2As to debts, he disappointed those who looked for their cancellation, which was often agitated, but finally decreed that the debtors should satisfy their creditors according to a valuation of their possessions at the price which they had paid for them before the civil war, deducting from the principal whatever interest had been paid in cash or pledged through bankers; an arrangement which wiped out about a fourth part of their indebtedness. 3He dissolved all guilds, except those of ancient foundation. He increased the penalties for crimes; and inasmuch as the rich involved themselves in guilt with less hesitation because they merely suffered exile, without any loss of property, he punished murderers of freemen by the confiscation of all their goods, as Cicero writes, and others by the loss of one-half.
43He administered justice with the utmost conscientiousness and strictness. Those convicted of extortion he even dismissed from the senatorial order. He annulled the marriage of an ex-praetor, who had married a woman the very day after her divorce, although there was no suspicion of adultery. He imposed duties on foreign wares. He denied the use of litters and the wearing of scarlet robes or pearls to all except to those of a designated position and age, and on set days. 2In particular he enforced the law against extravagance, setting watchmen in various parts of the market, to seize and bring to him dainties which were exposed for sale in violation of the law; and sometimes he sent his lictors and soldiers to take from a dining-room any articles which had escaped the vigilance of his watchmen, even after they had been served.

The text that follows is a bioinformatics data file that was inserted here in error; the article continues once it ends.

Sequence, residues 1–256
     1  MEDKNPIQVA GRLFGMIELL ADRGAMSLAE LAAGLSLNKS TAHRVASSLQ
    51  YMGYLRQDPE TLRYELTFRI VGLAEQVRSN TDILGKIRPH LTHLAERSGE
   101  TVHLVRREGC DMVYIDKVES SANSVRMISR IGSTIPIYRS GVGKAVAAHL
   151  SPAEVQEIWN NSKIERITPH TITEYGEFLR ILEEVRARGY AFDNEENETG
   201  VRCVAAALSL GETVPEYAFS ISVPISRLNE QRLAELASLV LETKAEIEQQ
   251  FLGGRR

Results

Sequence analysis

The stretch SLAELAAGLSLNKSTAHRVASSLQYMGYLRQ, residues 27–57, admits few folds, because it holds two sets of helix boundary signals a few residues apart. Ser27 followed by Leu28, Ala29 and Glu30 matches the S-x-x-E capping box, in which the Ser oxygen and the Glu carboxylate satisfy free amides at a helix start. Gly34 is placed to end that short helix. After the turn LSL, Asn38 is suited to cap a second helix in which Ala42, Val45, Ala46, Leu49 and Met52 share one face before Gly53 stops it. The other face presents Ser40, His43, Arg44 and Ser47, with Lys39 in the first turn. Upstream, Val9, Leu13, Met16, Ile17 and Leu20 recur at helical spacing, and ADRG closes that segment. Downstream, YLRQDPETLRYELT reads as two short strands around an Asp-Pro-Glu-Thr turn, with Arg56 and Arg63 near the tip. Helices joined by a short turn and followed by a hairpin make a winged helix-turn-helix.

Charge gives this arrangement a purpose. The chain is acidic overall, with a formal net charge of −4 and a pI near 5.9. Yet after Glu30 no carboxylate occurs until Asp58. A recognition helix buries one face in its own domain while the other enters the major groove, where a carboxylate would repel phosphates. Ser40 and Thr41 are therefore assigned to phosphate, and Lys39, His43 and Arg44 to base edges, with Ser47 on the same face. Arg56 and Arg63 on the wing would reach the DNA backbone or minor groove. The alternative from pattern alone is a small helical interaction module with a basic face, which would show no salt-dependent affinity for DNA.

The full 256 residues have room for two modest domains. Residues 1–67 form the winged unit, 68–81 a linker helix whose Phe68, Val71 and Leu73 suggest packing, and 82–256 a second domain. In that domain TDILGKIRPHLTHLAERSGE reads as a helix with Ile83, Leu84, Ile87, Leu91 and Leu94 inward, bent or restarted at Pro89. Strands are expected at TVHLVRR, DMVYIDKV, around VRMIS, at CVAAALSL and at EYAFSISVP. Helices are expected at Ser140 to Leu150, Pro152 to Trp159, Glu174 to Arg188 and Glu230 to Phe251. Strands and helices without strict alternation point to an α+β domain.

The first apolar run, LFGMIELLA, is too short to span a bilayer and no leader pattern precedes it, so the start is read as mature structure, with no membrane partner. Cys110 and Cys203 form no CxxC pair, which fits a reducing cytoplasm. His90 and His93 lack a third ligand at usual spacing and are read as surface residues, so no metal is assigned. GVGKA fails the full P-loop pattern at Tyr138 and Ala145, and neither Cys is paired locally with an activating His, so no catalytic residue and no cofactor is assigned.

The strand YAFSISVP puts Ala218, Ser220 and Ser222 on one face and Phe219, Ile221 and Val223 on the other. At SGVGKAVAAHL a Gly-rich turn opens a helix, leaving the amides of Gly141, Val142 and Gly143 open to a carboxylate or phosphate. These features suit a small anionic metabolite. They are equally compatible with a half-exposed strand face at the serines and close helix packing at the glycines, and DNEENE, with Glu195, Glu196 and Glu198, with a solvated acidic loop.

44In particular, for the adornment and convenience of the city, also for the protection and extension of the Empire, he formed more projects and more extensive ones every day: first of all, to rear a temple to Mars, greater than any in existence, filling up and levelling the pool in which he had exhibited the sea-fight, and to build a theatre of vast size, sloping down from the Tarpeian rock; 2to reduce the civil code to fixed limits, and of the vast and prolix mass of statutes to include only the best and most essential in a limited number of volumes; to open to the public the greatest possible libraries of Greek and Latin books, assigning to Marcus Varro the charge of procuring and classifying them; 3to drain the Pomptine marshes; to let out the water from Lake Fucinus; to make a highway from the Adriatic across the summit of the Apennines as far as the Tiber; to cut a canal through the Isthmus; to check the Dacians, who had poured into Pontus and Thrace; then to make war on the Parthians by way of Lesser Armenia, but not to risk a battle with them until he had first tested their mettle.
4All these enterprises and plans were cut short by his death. But before I speak of that, it will not be amiss to describe briefly his personal appearance, his dress, his mode of life, and his character, as well as his conduct in civil and military life.